By Staff | Photographs by Hong Sar
Being a surrealist painter can be daunting considering the historic giants of the genre: Salvador Dali, Joan Miró, and Dorothea Tanning, to name but a few.
However, Postindustrial Painters Sarah Jacobs and Evan Boggess appear unfazed by the challenge of living up to that legacy, having produced bold and stylistically complex series of surrealist paintings that would impress the surrealist titans of yore.
Both Jacobs and Boggess are currently showing at Zynka Gallery in Pittsburgh, where you admire their work through Oct. 28.
Gallery owner Jeffrey Jarzynka has long been a champion of Jacobs, who went to art school with Boggess, and recommended to Jarzynka they exhibit together.
“Sarah’s surrealist work complements very well what Evan is doing, which is very surreal,” said Jarzynka.
Boggess’ surrealism combines aspects and imagery from his upbringing in the Mountain State, while also paying homage to a variety of artistic styles to create his surrealist tableaus, including images reminiscent of the work of realist, Dutch Golden Age painting.
“I switch gears a lot just kind of to keep my Golden Doodle [dog] brain on target, otherwise I get distracted by different things,” quipped Boggess. “So I switch gears a lot.”
Boggess said he has “an intense fascination with very complex layered painting processes and painting materials and how that forms a conversation with the methods … how I collect my imagery.”
He said each of his large canvases begins with a childlike scrawl which “sort of establishes what might come out of the composition.”
Boggess incorporates a variety of techniques in his work, including even airbrushing, which he claims he’s “terrible at,” though his self-deprecating assessment of his own skill doesn’t hold up against his mesmerizing creations.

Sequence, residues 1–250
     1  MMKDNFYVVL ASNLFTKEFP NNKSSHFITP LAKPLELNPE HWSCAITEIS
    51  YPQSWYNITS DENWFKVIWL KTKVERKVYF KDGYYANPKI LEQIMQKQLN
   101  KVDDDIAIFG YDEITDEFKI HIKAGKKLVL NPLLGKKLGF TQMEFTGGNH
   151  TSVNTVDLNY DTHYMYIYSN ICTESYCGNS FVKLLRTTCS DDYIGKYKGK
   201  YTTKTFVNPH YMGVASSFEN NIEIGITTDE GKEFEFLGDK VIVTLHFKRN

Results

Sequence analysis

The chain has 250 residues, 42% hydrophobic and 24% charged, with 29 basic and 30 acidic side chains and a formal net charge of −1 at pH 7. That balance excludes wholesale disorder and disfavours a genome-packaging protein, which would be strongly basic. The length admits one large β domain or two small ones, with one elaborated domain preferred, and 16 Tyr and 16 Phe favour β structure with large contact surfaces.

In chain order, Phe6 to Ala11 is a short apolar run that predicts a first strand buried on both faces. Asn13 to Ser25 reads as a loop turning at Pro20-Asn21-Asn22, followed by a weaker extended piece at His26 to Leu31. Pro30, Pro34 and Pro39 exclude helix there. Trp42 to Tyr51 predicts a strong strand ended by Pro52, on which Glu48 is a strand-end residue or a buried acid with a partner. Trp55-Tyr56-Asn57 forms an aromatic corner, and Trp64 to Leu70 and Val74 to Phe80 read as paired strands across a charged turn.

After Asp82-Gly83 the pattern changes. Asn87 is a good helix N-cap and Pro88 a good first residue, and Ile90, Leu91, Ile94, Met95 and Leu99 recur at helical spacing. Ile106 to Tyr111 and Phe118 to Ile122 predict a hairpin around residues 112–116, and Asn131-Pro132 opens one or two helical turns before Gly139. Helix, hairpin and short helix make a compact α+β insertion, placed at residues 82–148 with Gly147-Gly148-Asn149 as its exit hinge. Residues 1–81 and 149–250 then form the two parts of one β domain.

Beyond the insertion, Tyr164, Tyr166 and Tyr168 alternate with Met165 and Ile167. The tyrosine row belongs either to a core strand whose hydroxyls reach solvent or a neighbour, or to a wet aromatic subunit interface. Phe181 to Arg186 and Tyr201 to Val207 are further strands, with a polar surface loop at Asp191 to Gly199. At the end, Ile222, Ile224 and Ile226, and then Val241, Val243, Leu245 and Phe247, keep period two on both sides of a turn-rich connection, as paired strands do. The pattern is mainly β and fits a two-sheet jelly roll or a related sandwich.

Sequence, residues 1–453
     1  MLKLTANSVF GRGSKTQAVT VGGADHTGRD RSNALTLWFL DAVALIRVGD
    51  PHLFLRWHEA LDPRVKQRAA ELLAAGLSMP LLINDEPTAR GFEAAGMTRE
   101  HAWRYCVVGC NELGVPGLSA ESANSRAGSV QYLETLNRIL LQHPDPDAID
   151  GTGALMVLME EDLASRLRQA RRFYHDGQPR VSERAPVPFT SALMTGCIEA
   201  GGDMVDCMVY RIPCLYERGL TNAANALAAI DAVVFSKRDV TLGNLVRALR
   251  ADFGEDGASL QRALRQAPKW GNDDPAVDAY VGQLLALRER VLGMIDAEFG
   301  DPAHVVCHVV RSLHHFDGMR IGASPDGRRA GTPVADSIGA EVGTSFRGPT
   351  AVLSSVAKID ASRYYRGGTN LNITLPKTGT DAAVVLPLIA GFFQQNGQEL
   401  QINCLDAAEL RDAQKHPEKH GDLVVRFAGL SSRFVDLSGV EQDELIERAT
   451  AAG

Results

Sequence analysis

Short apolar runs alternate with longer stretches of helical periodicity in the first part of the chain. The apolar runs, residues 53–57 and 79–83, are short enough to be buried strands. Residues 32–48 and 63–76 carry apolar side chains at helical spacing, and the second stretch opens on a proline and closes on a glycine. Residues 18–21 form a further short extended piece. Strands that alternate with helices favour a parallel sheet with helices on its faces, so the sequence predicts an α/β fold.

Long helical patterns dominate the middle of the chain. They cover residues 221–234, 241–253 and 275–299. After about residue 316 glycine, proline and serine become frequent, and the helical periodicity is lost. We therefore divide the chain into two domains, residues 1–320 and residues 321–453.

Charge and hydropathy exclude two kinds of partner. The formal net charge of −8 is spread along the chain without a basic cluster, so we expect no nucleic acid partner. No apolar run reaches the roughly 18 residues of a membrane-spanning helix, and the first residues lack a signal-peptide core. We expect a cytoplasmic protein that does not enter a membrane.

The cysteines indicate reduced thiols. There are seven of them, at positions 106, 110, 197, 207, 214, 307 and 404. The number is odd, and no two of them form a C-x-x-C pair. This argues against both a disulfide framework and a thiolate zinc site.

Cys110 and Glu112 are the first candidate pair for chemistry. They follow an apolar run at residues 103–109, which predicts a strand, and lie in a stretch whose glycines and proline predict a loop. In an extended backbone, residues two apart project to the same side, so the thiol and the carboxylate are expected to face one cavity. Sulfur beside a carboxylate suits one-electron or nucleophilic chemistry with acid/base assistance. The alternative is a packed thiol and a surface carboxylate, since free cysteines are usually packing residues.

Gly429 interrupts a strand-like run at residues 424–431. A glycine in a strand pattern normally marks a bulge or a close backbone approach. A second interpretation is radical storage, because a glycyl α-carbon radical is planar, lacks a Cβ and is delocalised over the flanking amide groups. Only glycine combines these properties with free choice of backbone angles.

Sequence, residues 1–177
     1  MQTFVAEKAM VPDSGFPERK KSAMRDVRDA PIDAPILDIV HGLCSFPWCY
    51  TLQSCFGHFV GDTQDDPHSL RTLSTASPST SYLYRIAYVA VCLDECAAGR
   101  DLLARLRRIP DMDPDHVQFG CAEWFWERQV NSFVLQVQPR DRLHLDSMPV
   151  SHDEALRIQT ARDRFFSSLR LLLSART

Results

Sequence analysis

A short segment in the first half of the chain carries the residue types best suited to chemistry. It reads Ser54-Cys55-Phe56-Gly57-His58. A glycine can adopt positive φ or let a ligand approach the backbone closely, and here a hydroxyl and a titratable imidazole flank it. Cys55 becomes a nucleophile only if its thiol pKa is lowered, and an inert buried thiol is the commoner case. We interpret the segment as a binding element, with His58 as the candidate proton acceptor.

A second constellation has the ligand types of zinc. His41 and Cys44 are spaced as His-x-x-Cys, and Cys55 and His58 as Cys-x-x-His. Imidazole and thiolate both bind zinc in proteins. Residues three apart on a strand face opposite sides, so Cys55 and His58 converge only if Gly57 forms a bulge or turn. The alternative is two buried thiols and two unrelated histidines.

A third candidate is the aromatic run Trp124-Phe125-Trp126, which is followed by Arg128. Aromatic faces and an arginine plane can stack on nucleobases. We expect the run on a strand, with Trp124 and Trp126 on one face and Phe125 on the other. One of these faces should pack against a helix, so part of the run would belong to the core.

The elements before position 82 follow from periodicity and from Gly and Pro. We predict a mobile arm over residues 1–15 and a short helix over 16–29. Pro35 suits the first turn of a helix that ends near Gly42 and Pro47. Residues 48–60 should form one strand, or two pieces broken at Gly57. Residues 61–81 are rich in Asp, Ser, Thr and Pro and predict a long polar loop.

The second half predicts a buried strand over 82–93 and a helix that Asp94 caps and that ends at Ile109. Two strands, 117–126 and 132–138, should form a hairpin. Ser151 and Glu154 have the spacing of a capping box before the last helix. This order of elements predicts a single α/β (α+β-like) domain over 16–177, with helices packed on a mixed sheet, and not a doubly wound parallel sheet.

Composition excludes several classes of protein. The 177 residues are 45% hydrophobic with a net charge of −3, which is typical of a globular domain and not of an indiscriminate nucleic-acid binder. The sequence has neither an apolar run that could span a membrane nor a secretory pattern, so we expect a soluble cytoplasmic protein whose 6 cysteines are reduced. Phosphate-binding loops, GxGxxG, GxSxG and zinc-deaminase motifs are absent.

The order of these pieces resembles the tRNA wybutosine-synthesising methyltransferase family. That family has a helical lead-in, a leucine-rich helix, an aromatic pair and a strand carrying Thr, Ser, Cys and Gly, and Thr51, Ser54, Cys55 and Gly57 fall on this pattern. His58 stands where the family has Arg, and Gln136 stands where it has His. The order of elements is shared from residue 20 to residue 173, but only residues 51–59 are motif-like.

“I like this complex process because it feels like a chess game that makes me think five moves ahead while I’m working.”
Jacobs, a Pennsylvania native, has created a series of deeply personal and engaging paintings that also make use of multiple mediums, even body painting.
“My previous series of work was more formal, but my new work is more surrealist and about me,” said Jacobs, who endured a recent health crisis that inspired aspects of this new collection, as well as other impactful memories.
“A couple of years ago, I had some crises where I almost died a couple of times and so it made me think about existential concerns a lot more, then I started going to therapy and it made my work really weird,” she joked.
A self-styled “city girl” Jacobs said she strived to depict more nature in these works, while also indulging her newfound surrealist tendencies and roping her partner into the process.
“I had my partner paint stripes of color across my body,” she said with a creator’s mischievousness that adds to the gaiety of her layered and thoughtful work.
Jacobs’ work also includes “otherworldly” imagery such as her painting of a globe draped in a white cloth against a dark void.
“I’ve been thinking a lot about outer space and how so much of it is unknowable, and that’s how I feel about existence as well,” she explained. “We may never learn the nature of reality.”
Spoken like a true surrealist — Dali would be proud of both of them.
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